La Moneda uncoils best closing kick in Yaddo Stakes

Friday, August 24th, 2018

NYRA/Elsa Lorieul

By Sarah Mace

Up-and-comer La Moneda, riding a three-race win streak, took the next logical step and tested stakes company on Friday’s New York Showcase day at Saratoga, lining up with a formidable group of New York-bred fillies and mares to contest the $150,000 Yaddo Stakes at 1 1/16 miles on the inner turf. The experiment proved to be an overwhelming success, when the 5-year-old daughter of top New York-based sire Freud (Sequel Stallions New York) outkicked some very accomplished rivals to win by a neck.

A homebred for Patricia Moseley, La Moneda has spent her career shuttling between the barns of Brendan Walsh — for whom she broke her maiden second out last September 29 — and Tom Morley. Morley explained that he has the mare when Walsh, who does not keep a string in New York year-round, is not in the state.

In either case, patience has certainly paid off with La Moneda, who did not start until she was four. Winner of two of four starts in 2017, she galloped through her remaining state-bred and open conditions this year, winning a second-level state-bred allowance at Belmont on June 9, an entry-level open allowance on June 30 and, at Saratoga, a second-level open allowance. All three wins came at one mile on turf.

On the strength of La Moneda’s talent and sharp form, by post time she was the second betting choice of the eight fillies and mares. Chad Brown-trained Fifty Five was the even-money favorite. Voted champion New York-bred turf female in 2017 and a graded winner, Fifty Five herself was in top-notch form having finished first or second in her four most recent starts. Fifty Five also has a devastating late kick which, in theory, could have been a an obstacle for La Moneda, who has the same running style.

After the bell both La Moneda and Fifty Five settled in mid-pack in fourth and fifth, respectively, while confirmed speedster Lady Joan, a stakes winner in her own right, outsprinted the field from her outside post, crossed over and showed the way. On the backstretch the field became quite strung out, leaving La Moneda as much as nine lengths behind Lady Joan at one point.

The relative positions of Lady Joan, La Moneda and Fifty Five remained unchanged though solid fractions of 23.25, 47.34 and 1:11.21. The pack tightened up considerably early on the far turn, and Moneda advanced into third in the bend. In the stretch, things really began to pop.

By mid-stretch Lady Joan still enjoyed a one-length lead over Overnegotiate, who had dogged her steps throughout, but La Moneda had gained momentum in the clear, and the ever-dangerous Fifty Five kicked into gear further out on the grandstand side.

Overnegotiate faded leaving the main three to duke it out. Lady Joan was dead game on the inside, but La Moneda extended her stride, caught up past the sixteenth marker and at the same time managed to outkick Fifty Five. La Moneda got the win by a neck, while Lady Joan and Fifty Five finished just noses apart second and third.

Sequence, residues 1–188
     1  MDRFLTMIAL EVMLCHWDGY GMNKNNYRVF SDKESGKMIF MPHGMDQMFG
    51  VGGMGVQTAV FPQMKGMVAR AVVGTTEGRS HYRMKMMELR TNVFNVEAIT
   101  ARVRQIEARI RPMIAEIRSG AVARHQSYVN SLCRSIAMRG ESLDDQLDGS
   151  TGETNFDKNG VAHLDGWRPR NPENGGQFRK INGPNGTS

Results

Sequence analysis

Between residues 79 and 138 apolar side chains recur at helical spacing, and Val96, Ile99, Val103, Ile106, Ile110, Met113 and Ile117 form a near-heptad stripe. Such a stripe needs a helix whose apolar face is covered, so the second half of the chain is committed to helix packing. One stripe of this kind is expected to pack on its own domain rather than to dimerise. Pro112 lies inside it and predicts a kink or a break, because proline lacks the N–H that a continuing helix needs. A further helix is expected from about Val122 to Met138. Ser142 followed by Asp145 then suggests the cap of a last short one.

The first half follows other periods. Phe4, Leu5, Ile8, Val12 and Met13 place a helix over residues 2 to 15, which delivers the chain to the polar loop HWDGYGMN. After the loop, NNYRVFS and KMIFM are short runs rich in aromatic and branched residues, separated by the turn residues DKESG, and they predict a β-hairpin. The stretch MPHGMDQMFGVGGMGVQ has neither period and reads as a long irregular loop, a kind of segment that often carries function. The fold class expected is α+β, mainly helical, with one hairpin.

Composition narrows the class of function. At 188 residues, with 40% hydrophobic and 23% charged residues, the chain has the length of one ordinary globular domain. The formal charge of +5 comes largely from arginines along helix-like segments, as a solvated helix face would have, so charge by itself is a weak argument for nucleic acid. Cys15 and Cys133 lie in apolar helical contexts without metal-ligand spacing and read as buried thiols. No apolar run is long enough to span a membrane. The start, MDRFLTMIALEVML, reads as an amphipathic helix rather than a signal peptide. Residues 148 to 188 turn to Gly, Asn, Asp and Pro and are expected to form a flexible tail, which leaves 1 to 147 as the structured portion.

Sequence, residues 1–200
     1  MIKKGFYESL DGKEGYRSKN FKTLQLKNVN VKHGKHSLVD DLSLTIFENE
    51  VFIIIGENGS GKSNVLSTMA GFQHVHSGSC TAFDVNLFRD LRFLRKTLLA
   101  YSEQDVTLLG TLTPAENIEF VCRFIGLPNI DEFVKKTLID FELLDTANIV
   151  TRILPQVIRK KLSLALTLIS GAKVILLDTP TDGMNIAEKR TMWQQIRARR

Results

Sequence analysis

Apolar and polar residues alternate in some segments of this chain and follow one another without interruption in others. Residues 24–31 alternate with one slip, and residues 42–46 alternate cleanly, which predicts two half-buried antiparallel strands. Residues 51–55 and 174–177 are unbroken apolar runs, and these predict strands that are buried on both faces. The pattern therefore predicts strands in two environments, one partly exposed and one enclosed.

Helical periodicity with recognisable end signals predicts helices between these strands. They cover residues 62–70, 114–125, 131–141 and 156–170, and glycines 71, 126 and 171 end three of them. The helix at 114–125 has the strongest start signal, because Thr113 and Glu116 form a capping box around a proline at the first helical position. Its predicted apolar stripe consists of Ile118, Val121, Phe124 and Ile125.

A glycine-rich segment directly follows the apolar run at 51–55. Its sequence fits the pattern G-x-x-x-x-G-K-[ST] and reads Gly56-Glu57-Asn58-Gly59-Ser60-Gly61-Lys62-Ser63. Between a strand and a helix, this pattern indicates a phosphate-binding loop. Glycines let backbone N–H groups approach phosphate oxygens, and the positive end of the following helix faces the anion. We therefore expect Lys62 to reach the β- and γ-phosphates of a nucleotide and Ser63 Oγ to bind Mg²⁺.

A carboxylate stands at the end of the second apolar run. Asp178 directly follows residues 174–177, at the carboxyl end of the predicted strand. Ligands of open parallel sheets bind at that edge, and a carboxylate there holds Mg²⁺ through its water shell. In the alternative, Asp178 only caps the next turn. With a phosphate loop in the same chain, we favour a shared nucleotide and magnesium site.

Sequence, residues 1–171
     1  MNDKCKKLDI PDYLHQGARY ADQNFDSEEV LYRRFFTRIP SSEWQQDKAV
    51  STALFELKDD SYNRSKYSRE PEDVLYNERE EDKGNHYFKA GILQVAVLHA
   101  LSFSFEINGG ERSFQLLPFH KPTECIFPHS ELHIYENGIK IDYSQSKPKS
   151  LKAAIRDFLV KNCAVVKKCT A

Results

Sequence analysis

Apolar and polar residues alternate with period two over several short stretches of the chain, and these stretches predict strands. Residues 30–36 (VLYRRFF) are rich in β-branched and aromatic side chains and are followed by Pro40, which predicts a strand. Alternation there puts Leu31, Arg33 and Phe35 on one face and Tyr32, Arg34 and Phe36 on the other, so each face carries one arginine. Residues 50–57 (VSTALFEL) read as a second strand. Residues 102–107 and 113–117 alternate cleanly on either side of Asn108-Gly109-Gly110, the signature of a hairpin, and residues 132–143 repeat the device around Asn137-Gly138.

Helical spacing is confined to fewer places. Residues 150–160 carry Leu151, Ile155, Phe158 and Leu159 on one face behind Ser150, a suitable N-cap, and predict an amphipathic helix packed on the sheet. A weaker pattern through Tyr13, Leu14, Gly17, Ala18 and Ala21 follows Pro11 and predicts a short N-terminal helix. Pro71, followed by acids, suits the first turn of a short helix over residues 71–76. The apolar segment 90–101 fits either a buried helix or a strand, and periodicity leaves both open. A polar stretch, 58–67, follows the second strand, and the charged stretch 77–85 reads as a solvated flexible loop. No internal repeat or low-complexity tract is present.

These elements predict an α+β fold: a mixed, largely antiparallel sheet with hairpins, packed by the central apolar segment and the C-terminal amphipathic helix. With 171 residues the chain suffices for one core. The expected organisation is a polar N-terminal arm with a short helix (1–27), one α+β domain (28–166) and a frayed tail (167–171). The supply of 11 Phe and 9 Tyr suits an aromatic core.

Completing the order of finish were War Canoe, Tizzelle, Overnegotiate, Feeling Bossy and Purrageous Dyna. After a mile in 1:34.54, La Moneda stopped the clock after nine furlongs at 1:40.49. [VIDEO REPLAY]

Winning rider Junior Alvarado reported, “She broke good. I thought going into the first turn I was sitting in a perfect position. It was like a dream trip. At the half-mile [pole] I started letting her go a little bit just to make sure the horse in front [Lady Joan] didn’t go away from me, and at the same time trying to save a little bit for the end just to make sure I can hold off [Fifty Five].

The pilot continued, “She was there for me the whole way. Everything I asked of her, she was up to the challenge. She ended up winning and I thought she deserved it. I knew I was going to get the horse in front at the eighth pole; I wanted to ride hard but at the same time try to save a little bit in case the horse in behind tried to catch me. I had to time it right, but she was so good. She was there for me.”

Morley reported that he and Walsh have been comparing notes all along. “Brendan told me before she debuted here last year, ‘I think I have a New York bred in my barn who can win a graded stakes.’ We’ve taken our time and picked our spots, but she just keeps getting better and better. I think she’s good enough to win a graded stakes. But today was the aim, and that was a massive performance.”

As to the race itself Morley said, “The whole way down in front of us, I was worried about catching the horse in front of us [Lady Joan]. Junior was very confident. It was a super ride.”

Even after his huge win in the Grade 1 Secretariat Stakes last weekend with Donegal Racing’s Carrick at longshot odds of 38-1, Morley fully appreciated the Saratoga score.

“They don’t come around, these good ones, all the time,” Morley said. “So, you have to appreciate them when they do. That was huge. Saratoga and a stakes win, it doesn’t come bigger than that to me.”

Long-time owner/breeder Patricia Moseley, who named La Moneda after a Chilean palace, takes especial pride in her homebred who, after being foaled in New York, was raised at Moseley’s farm in Hamilton Mass.

La Moneda’s dam is Jade Palace, a Kentucky-bred daughter of Jade Hunter bred by Moseley and her late husband James B. Moseley. Jade Palace has produced four winners from four foals to start, including a full-sister to La Moneda who is a stakes performer. The Moseleys also bred La Moneda’s second dam Topkapi whose family is Chilean. Jade Palace delivered a Freud filly this year on April 10.

A winner of six of nine starts with one runner-up finish, La Moneda’s earnings bankroll stands at $312,769.





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